Techopedia Explains DLL HellMany of the problems that lead developers to use the term "DLL hell" involve instances when an alteration to a DLL file by a program negatively affects the function of other programs that need to use the same DLL file. Problems with registries, incompatibility and the incorrect updating of DLL files are all part of the general challenge of ordering the use of DLL files across many different applications.
In more current versions of Windows, some of the problems that contribute to DLL hell have been addressed and solved to some extent. Changes include a .NET framework, which uses metadata to describe program components. This system helps with versioning and deployment to alleviate some of the problems that arise due to cross-language DLL use or situations where applications have to share a DLL file. A Windows File Protection system, introduced in Windows 2000, stops some programs from changing system DLL files. Other solutions involve placing an application's DLL file into a separate folder rather than storing it in a shared location so that each application can have its own unique version of the DLL file.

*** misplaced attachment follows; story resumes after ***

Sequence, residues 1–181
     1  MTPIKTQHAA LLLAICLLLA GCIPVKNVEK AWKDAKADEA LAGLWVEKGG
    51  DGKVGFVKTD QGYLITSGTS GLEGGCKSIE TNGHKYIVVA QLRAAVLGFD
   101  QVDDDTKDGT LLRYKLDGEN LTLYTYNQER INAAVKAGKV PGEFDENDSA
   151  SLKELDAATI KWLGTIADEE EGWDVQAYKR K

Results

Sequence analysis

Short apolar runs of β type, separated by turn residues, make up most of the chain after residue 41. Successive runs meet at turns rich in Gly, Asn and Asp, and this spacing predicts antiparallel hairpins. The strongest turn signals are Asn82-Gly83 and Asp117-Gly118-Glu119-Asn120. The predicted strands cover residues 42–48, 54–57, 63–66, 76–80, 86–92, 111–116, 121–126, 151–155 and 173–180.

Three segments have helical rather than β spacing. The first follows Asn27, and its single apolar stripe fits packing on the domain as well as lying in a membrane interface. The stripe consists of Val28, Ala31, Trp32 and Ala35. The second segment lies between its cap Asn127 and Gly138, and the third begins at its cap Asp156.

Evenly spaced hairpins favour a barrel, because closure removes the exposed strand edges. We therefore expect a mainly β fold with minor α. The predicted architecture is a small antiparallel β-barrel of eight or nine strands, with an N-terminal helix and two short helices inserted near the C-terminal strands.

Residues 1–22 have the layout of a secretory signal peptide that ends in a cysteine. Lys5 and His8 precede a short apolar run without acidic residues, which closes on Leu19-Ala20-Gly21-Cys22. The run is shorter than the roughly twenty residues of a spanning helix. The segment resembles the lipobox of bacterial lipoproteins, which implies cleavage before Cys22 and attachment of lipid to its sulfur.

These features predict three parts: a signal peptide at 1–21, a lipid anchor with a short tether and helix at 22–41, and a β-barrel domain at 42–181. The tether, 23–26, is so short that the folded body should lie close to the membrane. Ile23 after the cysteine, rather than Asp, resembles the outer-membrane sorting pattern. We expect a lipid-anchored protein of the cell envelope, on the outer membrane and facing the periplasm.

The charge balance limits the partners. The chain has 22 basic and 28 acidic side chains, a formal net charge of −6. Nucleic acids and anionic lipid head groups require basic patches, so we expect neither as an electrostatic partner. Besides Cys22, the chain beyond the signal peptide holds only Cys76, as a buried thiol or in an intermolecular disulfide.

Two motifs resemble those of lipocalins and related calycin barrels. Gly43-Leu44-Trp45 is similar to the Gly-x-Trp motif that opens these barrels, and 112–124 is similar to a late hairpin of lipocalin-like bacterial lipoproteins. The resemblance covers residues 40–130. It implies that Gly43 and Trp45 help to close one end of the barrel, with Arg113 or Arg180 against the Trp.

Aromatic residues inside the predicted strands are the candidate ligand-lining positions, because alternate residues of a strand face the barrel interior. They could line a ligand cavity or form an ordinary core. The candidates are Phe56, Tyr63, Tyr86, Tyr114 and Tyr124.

Dynamic Link Library Hell
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